South Korea, Asia’s fourth-largest economy, has been a favorite of investors daring enough to take positions in single-country exchange-traded funds particularly, because one does not need to be all that daring to be involved with South Korean stocks. Relative to other emerging markets, South Korea’s equity markets are docile and low beta.
At least that is the case on a historical basis. This year, the largest South Korea exchange-traded fund trading in New York has slightly underperformed the MSCI Emerging Markets Index. South Korea is the second-largest country weight in that benchmark behind China.
Although the U.S. dollar has come under fire this year, leading to the same treatment for currency hedged ETFs, hedged South Korea ETFs have been stout performers. For example, the WisdomTree Korea Hedged Equity Fund (NASDAQ:DXKW) is up nearly twice as much year-to-date as the largest U.S.-listed South Korea ETF, which is not a currency hedged fund.
Docile, But Diligent
It is widely known that South Korean companies and Japanese companies are close competitors. Since November 30, 2012, two weeks prior to the election of Japanese prime minister Shinzo Abe, the South Korean won has appreciated approximately 24 percent versus the Japanese yen. From December 31, 2015, to March 16, 2016, the South Korean won depreciated 8 percent against the Japanese yen, said WisdomTree in a new research note.
An Emerging Markets ETF For The Thrifty Investor
Bolstering the case for further examination of ETFs like DXKW is news out Monday that South Korea is replacing four of the seven members of the Bank of Korea’s board, which the Wall Street Journal reports could be a sign of a more prominent government voice on the central bank’s leadership committee.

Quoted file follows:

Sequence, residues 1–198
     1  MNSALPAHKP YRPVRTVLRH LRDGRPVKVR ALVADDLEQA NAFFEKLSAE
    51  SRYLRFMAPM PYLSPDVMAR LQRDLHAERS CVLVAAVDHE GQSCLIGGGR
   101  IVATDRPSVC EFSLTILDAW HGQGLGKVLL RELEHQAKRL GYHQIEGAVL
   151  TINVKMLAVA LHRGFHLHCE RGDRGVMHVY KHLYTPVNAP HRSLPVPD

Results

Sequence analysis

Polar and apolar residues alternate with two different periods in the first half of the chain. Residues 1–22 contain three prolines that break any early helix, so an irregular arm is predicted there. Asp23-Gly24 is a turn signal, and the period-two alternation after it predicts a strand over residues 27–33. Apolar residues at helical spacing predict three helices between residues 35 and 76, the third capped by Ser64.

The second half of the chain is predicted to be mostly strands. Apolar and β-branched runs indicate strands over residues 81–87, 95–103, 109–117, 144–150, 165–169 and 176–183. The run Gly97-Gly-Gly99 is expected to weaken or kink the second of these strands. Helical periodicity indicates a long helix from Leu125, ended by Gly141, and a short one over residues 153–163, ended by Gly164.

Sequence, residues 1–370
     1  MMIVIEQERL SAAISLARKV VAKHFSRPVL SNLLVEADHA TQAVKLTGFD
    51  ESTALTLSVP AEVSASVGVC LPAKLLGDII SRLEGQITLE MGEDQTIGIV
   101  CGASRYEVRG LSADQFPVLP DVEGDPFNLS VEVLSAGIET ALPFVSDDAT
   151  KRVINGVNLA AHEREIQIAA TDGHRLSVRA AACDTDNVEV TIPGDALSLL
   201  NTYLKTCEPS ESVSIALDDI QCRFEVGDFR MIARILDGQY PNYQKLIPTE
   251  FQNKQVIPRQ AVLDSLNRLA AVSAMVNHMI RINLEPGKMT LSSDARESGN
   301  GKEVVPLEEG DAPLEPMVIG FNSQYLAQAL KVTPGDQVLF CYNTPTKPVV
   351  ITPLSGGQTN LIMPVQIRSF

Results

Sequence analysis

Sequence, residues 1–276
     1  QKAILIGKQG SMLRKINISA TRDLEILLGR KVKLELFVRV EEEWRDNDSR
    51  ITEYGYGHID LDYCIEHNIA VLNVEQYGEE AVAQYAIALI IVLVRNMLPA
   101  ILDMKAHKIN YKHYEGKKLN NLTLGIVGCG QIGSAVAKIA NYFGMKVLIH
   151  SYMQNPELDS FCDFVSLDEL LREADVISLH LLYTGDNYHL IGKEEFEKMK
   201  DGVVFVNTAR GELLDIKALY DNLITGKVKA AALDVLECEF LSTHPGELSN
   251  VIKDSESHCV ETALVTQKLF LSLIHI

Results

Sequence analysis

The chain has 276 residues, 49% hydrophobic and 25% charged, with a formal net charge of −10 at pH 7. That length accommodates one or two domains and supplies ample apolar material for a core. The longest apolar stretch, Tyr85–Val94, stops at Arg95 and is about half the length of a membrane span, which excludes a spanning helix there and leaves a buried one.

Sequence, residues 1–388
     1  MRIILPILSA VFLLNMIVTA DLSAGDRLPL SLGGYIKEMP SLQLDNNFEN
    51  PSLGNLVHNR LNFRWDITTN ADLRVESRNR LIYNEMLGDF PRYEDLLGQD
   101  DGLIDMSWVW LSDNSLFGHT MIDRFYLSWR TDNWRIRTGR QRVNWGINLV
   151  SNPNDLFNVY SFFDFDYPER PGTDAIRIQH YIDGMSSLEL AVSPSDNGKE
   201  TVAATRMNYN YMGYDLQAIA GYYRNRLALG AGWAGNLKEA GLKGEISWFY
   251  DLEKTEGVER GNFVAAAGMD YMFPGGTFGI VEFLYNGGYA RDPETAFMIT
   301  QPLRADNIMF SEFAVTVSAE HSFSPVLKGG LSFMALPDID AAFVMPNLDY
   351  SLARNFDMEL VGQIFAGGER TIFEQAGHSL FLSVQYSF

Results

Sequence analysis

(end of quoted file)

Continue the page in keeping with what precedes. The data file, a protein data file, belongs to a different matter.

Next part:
One need not be an Ivy League economist to figure out that if South Korea policymakers want a larger role in monetary policy, it is likely in an effort to keep pace with rival Japan and weaken the won. Obviously, that would be a positive for a currency hedged ETF such as DXKW.
South Korea’s benchmark lending rate is 1.5 percent, indicating there is some room for interest rate reductions, although the Bank of Korea has stood pat for nine straight meetings.
While we see opportunity in South Korea, its important to note that the key drivers of performance were the equity returns alone. Layering on currency risk (inherent to all unhedged international investing) dragged down the total performance, added WisdomTree.
DXKW allocates nearly 26 percent of its weight to materials stocks, one of the best-performing sectors in South Korea this year. Technology is the ETF’s largest sector weight at 26.4 percent.
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